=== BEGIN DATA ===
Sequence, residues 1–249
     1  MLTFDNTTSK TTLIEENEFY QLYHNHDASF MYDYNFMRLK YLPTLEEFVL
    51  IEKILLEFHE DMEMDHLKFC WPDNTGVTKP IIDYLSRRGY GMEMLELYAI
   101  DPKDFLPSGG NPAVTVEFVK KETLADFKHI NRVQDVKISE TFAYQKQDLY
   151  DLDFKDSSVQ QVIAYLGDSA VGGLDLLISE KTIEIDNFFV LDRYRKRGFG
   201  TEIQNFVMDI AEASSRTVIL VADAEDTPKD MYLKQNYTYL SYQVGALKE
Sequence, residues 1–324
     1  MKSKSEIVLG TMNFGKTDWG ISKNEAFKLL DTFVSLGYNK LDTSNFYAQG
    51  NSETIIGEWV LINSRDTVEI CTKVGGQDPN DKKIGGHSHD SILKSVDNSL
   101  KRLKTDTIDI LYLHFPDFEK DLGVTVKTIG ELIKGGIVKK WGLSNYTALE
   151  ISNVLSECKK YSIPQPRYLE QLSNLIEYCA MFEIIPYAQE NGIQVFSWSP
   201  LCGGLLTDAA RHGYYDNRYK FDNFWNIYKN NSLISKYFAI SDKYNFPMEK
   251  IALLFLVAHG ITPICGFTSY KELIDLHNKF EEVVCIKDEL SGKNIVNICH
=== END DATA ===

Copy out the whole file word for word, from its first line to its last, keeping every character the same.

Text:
Sequence, residues 1–249
     1  MLTFDNTTSK TTLIEENEFY QLYHNHDASF MYDYNFMRLK YLPTLEEFVL
    51  IEKILLEFHE DMEMDHLKFC WPDNTGVTKP IIDYLSRRGY GMEMLELYAI
   101  DPKDFLPSGG NPAVTVEFVK KETLADFKHI NRVQDVKISE TFAYQKQDLY
   151  DLDFKDSSVQ QVIAYLGDSA VGGLDLLISE KTIEIDNFFV LDRYRKRGFG
   201  TEIQNFVMDI AEASSRTVIL VADAEDTPKD MYLKQNYTYL SYQVGALKE
Sequence, residues 1–324
     1  MKSKSEIVLG TMNFGKTDWG ISKNEAFKLL DTFVSLGYNK LDTSNFYAQG
    51  NSETIIGEWV LINSRDTVEI CTKVGGQDPN DKKIGGHSHD SILKSVDNSL
   101  KRLKTDTIDI LYLHFPDFEK DLGVTVKTIG ELIKGGIVKK WGLSNYTALE
   151  ISNVLSECKK YSIPQPRYLE QLSNLIEYCA MFEIIPYAQE NGIQVFSWSP
   201  LCGGLLTDAA RHGYYDNRYK FDNFWNIYKN NSLISKYFAI SDKYNFPMEK
   251  IALLFLVAHG ITPICGFTSY KELIDLHNKF EEVVCIKDEL SGKNIVNICH